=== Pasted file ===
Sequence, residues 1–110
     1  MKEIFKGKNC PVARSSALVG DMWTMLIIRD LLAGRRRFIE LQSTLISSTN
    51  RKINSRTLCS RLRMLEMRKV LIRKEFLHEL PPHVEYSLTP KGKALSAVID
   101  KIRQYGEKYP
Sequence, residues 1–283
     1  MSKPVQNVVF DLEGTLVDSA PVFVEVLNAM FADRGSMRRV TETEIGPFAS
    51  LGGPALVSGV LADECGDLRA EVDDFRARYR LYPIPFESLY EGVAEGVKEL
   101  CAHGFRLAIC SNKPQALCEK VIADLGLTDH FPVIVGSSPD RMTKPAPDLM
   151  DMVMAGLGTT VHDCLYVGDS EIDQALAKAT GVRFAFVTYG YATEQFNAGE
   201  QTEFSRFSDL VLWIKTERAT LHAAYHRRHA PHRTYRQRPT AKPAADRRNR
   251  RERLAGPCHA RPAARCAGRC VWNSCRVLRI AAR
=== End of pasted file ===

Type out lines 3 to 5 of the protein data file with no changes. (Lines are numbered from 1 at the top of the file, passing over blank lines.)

    51  RKINSRTLCS RLRMLEMRKV LIRKEFLHEL PPHVEYSLTP KGKALSAVID
   101  KIRQYGEKYP
Sequence, residues 1–283